"paralysis of both arms and legs," 1895, a medical hybrid coined from Latin-based quadri- "four" + -plegia, as in paraplegia, which is ultimately from Greek plege "stroke," from root of plēssein "to strike" (from PIE root *plak- (2) "to strike"). A correct, all-Greek formation would be *tetraplegia.
1540s, "a blow, stroke," from swoop (v.). Meaning "the sudden pouncing of a rapacious bird on its prey" is 1605, from Shakespeare:
Oh, Hell-Kite! All? What, All my pretty Chickens, and their Damme, At one fell swoope? ["Macbeth," IV.iii.219]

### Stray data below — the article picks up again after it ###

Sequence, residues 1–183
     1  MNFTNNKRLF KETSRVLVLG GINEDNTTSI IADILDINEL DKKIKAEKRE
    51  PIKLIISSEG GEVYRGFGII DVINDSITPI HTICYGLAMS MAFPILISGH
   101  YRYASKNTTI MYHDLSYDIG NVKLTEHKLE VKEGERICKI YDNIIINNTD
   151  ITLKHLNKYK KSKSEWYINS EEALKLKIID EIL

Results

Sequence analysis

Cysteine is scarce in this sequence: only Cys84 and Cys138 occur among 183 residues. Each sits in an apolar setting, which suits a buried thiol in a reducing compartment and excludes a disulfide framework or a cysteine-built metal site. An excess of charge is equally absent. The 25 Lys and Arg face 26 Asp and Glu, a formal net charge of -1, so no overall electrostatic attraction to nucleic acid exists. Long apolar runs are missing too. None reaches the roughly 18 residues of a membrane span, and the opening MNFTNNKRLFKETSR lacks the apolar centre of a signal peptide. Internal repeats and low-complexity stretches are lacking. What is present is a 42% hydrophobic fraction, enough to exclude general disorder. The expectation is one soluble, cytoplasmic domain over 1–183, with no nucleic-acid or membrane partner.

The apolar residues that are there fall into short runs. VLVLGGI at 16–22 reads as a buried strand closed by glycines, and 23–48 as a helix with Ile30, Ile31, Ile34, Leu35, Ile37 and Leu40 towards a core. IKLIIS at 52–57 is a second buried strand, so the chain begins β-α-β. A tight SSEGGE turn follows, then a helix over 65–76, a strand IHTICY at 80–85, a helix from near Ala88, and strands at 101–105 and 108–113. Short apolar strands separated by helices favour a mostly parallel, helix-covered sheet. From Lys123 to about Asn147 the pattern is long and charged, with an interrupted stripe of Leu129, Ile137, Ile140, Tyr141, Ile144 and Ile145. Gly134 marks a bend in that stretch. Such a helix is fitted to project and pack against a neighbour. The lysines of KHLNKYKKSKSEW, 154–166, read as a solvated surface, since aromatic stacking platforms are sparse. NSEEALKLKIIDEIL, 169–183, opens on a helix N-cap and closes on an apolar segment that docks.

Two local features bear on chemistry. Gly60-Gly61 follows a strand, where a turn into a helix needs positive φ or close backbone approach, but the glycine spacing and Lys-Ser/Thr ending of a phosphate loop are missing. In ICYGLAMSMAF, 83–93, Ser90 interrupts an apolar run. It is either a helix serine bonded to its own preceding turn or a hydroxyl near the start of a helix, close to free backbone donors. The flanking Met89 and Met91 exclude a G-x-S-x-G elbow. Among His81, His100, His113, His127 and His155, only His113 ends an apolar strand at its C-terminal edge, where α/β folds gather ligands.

"piece of turf or sod with the grass growing on it," used for roofing material, etc., 1530s, Scottish, of unknown origin. Also divet, diffat, devot, etc. The golfing sense "slice of turf cut out by the club in playing a stroke" is by 1884.
c. 1400, "a blow, stroke," perhaps originally imitative of the sound. Meaning "light tap with hand" is from c. 1804. Sense of "that which is formed by patting" (as in pat of butter) is 1754, probably from the verb. Pat on the back in the figurative sense "gesture or expression of encouragement, sympathy, etc." is attested by 1804.